is already "active", the command is a no op. "ACTV" is to have
the same reply codes as "PASV".

2. Design of an FTP server or user would be simpler if all
command verbs were the same length. While it is certainly
possible to handle varying length verbs, fixed length string
manipulation is in general easier to write and faster to run than
varying length string manipulation, and it would seem that nothing
is to be gained in this application by allowing varying length
strings. SOLUTION: replace the only three-letter verb, "BYE",
with a four-letter one, such as "QUIT", and constrain future
command verbs to be four letters long.

3. The order of the handshaking elements following a file transfer
command is left unspecified. After sending a STOR command, for
example, a user process has no way of knowing which to wait for
first, the "250 FILE TRANSFER STARTED" reply, or establishment of
the data connection. SOLUTION: specify that the server is to
send a "250" reply before attempting to establish the data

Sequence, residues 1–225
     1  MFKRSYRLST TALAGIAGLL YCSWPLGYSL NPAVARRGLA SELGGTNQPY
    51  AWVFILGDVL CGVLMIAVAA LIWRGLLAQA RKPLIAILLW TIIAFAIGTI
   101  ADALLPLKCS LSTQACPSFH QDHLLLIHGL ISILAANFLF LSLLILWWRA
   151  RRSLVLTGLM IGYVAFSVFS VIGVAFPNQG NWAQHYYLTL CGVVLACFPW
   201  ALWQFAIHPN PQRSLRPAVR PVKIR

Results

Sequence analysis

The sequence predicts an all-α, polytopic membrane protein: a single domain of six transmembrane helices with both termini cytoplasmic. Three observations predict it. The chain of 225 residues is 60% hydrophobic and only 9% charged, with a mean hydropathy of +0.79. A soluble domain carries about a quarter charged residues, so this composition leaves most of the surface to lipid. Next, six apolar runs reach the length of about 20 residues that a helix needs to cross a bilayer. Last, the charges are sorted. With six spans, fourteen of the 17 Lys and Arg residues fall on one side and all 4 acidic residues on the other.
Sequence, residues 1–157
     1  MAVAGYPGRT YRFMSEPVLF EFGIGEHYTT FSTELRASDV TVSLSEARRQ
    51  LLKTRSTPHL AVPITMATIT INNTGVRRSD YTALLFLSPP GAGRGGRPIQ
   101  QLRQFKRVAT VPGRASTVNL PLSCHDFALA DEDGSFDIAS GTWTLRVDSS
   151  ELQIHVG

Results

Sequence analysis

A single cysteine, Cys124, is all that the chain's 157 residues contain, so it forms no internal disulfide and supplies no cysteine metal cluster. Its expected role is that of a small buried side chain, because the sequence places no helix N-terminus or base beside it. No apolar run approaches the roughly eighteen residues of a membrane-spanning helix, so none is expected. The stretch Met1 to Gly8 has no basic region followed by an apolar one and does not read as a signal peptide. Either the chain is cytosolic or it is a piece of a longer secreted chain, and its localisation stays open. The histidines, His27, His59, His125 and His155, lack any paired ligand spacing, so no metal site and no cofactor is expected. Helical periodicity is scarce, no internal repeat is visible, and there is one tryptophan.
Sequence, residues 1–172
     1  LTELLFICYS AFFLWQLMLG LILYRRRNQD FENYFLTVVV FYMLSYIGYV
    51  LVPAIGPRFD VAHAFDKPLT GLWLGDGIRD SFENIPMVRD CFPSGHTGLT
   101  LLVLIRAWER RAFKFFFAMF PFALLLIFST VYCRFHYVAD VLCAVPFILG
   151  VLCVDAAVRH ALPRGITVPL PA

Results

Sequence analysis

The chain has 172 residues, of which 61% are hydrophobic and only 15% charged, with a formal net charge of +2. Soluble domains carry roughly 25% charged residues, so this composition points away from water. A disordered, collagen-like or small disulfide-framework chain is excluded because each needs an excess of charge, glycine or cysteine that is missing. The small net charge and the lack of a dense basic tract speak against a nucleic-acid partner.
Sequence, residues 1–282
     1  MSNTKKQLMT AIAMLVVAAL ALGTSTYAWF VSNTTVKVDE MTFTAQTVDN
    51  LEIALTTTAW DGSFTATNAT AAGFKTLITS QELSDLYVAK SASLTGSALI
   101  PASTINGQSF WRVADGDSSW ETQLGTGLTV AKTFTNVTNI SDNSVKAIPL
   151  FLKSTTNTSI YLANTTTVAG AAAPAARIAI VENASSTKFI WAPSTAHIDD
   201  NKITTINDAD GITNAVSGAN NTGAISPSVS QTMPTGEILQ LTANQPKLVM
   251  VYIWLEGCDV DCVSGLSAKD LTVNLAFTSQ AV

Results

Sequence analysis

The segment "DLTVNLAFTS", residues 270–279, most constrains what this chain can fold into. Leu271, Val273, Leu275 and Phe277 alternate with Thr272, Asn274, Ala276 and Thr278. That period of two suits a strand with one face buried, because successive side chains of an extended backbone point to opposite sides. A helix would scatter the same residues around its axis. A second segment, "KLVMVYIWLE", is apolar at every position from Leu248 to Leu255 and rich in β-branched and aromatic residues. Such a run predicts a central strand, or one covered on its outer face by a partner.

connection. If it is desired to check if the user is logged in,
if the file exists, or if the user is to be allowed access to the
file, these checks must be made before any reply is sent. The
text of the "250" reply would perhaps be more appropriate as "250
OPENING DATA CONNECTION", since it comes before actual data
transfer begins. If the server wishes to send an error reply in
the event that the data connection cannot be opened, it is to be
sent in lieu of the "252 TRANSFER COMPLETE" reply.

                                 -1-

4. Some hosts currently send an error reply on receipt of a
command that is unimplemented because it is hot needed (e.g.,